A gratifying year spent tackling the art of French cooking.
On the eve of her 30th birthday, Powell realized that she hated her life: She worked at a job with a bunch of Republicans she (mostly) loathed and she was nearing the moment when she would have to make the jump to have a baby. Her life was not on the trajectory she imagined, and she was growing increasingly depressed. In a moment of desperation, she decided to take on a project that might help distract her—and what an undertaking it was. Powell would prepare all 524 recipes in Julia Child’s Mastering the Art of French Cooking. Over the course of the next year, this project served as her lifeline. For each elaborate (or elaborately named) dish that she created—dishes like tournedos sautés aux champignons and quartiers de fonds d’artichauts au beurre—there were family and friends (and one very patient husband, Eric) to share them with. At the Eric’s suggestion, Powell started a blog to chronicle her successes and disasters, her triumphs and crises (there were many, in each category). Eventually, the media was drawn to her quest, but celebrity was not what Powell was after (unless it got her out of a lousy job). For all her fussing and neuroses, Powell is a softy a heart, appreciating Child because, she says, Child “wants you to remember that you are human, and as such are entitled to that most basic of human rights, the right to eat well and enjoy life.” Powell clearly enjoyed hers, with all its madness and pleasures.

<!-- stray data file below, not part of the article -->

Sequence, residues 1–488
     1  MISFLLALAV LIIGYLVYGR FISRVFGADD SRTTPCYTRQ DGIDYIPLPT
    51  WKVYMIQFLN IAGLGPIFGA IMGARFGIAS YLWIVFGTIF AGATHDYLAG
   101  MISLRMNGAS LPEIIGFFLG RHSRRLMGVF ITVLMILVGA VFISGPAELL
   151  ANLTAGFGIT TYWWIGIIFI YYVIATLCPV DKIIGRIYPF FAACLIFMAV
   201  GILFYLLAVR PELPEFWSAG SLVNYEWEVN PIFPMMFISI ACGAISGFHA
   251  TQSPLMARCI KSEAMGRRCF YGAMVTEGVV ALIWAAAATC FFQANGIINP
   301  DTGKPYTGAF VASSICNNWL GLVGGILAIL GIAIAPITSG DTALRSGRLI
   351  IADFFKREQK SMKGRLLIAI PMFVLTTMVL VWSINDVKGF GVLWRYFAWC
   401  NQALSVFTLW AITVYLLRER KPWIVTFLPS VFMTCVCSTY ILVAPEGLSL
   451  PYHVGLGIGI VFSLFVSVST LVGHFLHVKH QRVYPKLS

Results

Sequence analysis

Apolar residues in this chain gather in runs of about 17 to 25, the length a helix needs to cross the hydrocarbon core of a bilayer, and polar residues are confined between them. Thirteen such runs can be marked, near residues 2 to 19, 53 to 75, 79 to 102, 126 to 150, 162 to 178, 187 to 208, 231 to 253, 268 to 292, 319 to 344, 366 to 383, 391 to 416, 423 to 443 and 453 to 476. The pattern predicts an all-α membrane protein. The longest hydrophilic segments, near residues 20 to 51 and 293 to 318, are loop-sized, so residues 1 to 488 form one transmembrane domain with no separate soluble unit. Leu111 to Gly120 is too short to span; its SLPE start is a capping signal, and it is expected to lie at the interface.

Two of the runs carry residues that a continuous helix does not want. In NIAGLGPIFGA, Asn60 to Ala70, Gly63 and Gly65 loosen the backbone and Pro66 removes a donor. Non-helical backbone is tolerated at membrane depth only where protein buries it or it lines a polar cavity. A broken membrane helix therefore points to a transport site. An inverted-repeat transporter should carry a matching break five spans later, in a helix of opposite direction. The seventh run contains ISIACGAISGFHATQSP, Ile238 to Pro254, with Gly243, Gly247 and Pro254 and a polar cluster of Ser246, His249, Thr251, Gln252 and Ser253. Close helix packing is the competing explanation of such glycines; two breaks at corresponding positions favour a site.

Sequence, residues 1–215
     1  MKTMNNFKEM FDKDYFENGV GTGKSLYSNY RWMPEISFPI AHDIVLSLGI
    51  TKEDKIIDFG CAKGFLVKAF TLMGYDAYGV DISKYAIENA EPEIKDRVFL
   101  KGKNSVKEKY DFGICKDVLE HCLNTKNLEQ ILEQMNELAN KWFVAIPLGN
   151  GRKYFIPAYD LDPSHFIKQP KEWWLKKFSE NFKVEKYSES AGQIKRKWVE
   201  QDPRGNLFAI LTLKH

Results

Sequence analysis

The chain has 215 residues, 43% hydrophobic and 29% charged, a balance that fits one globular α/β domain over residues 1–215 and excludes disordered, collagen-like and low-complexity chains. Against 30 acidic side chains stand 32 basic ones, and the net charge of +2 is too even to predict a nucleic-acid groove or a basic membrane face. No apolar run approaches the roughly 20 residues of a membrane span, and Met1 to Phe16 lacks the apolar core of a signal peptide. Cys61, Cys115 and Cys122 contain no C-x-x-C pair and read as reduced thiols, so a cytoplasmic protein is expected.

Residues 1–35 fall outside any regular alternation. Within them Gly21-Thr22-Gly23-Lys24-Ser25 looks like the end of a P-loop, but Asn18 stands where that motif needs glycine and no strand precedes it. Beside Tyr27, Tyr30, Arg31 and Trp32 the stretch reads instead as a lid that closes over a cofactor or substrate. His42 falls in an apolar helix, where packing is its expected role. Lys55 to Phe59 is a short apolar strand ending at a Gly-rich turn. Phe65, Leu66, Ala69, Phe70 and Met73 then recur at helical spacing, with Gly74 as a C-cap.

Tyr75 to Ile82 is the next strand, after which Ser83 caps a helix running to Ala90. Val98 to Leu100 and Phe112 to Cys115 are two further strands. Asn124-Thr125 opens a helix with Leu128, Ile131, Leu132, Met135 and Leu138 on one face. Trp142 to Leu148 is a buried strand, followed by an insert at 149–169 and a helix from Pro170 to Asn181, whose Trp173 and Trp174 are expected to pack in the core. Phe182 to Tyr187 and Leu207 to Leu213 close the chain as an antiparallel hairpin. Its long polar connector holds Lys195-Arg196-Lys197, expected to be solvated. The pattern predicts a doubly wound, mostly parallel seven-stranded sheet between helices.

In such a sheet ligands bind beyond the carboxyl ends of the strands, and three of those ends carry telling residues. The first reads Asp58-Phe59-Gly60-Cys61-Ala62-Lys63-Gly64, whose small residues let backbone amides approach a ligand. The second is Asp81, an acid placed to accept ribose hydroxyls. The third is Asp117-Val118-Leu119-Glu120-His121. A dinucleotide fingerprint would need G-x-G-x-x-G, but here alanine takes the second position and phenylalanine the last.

Indulge in this memoir of marrow and butter, knowing there is always a bitter green to balance the taste.